OUR PLAN FOR TODAY
We have this one day in Addis Ababa before we head west. There are a number of items on our agenda today: First, we will meet with staff from the social ministry department of EECMY; this is the department that oversees the Aira Hospital, along with numerous other social ministry organizations within the church. When Ron and Martha were here two years ago, this was an important connection.
Then, this afternoon we are going to Burayu-Katta, to meet many of the REAL girls we at Good Shepherd support. These beautiful young women, along with school directors Immanuel and Elfinish, are inspiring. The girls see a new future because of the scholarships they receive; they now have options for the future! We hope also to meet some of the girls we had supported who have graduated, who are now in university. And Immanuel and Elfinish are inveterate optimists – people of faith and vision.
GOD’S STORY/OUR STORY
He said to his people, “Look, the Israelite people are more numerous and more powerful than we. Come, let us deal shrewdly with them, or they will increase and, in the event of war, join our enemies and fight against us and escape from the land.” Therefore they set taskmasters over them to oppress them with forced labor. They built supply cities, Pithom and Rameses, for Pharaoh. But the more they were oppressed, the more they multiplied and spread, so that the Egyptians came to dread the Israelites. The Egyptians became ruthless in imposing tasks on the Israelites, and made their lives bitter with hard service in mortar and brick and in every kind of field labor. They were ruthless in all the tasks that they imposed on them (Exodus 1:9-14).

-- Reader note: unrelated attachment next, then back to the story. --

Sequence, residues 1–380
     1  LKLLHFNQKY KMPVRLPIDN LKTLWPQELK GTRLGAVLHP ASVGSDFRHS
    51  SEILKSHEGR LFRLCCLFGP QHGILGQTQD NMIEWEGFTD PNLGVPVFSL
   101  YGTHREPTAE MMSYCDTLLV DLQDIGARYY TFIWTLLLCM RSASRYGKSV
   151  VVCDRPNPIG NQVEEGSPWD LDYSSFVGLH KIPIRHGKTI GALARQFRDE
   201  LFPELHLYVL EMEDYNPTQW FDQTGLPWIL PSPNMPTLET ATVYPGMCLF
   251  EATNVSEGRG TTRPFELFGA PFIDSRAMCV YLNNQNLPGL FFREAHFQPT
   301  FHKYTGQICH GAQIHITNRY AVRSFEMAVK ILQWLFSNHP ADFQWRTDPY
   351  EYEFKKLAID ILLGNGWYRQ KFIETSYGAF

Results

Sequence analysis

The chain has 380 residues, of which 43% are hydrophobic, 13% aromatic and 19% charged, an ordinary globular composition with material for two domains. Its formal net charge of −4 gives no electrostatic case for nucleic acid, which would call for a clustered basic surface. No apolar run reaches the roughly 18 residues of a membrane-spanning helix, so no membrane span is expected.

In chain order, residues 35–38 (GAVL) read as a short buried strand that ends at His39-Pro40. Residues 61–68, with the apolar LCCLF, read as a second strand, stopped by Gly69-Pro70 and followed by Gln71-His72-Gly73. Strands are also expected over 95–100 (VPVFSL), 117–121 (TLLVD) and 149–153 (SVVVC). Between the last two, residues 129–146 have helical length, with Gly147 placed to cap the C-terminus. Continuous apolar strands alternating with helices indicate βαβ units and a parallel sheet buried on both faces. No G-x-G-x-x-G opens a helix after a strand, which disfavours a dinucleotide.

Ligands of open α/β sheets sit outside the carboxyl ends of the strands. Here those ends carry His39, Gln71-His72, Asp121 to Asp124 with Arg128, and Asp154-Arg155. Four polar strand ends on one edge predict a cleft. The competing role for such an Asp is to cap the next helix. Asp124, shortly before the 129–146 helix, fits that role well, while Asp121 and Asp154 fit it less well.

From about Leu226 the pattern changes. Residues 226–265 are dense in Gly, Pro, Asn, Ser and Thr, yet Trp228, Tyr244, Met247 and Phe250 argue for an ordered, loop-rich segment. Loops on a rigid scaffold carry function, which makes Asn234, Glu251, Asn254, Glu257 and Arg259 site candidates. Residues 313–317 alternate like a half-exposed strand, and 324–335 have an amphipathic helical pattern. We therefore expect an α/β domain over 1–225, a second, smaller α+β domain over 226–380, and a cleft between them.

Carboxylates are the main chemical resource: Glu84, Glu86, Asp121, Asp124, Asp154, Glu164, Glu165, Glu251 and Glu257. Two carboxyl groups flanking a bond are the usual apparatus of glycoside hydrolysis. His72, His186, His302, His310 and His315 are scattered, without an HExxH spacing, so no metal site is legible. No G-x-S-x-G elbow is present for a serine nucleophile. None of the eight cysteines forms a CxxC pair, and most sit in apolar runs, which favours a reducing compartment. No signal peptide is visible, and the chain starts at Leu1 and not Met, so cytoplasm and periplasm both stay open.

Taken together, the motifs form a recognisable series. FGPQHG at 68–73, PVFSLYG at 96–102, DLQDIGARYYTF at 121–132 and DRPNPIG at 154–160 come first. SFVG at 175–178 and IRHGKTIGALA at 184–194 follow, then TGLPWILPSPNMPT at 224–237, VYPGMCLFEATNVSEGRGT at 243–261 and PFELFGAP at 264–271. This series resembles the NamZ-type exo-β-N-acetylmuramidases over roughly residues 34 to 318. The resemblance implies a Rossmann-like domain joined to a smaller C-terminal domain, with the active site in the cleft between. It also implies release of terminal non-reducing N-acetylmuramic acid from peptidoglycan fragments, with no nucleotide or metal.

How interesting to note that “the more they [the Israelites] were oppressed, the more they multiplied and spread.” The church in Ethiopia is an example of this type of growth. During the communist government in the 1970s and 1980s, the church was persecuted. Congregations were not allowed to gather. Pastors were forbidden to care for their people; many were imprisoned. The General Secretary of the church, Gudina Tumsa, was assassinated by the government. And yet, in homes throughout the country, children were taught the faith, the gospel was shared, families met together to worship, and the church became a powerful witness of hope. When that government was ousted, it was as though oxygen met flame, and the church exploded – both in numbers and in faithful witness. The church in Ethiopia is now the second largest Lutheran church in the world. One of the Ethiopian seminary students, when asked about the growth of the church, said, “We don’t hire evangelists. We are evangelists. Everywhere we go we talk about Jesus.”
This is the church in which we are living during these days.
The American Guest House is on a busy thoroughfare in Addis Ababa, not far from the city’s center. We have rooms in a fairly new building – each with a bedroom/bathroom, connected to a central gathering space and a kitchen. We are very comfortable and secure here. As is typical in Ethiopia, the Guest House buildings are in a gated compound.
Our rooms became a hub of activity on Sunday. Rev. Tadese, the president of Onesimus Nesib Seminary, spent a full hour here late morning, talking about the plans for the seminary, his role as vice-president of the synod and the dormitory construction. He was in Addis Ababa on Saturday so he could order cement for the dormitory building that our 10% for Mission funds are helping to construct; on Sunday he picked up a teacher who will be at the seminary for a few weeks. Not only a seminary administrator, he’s also a general contractor!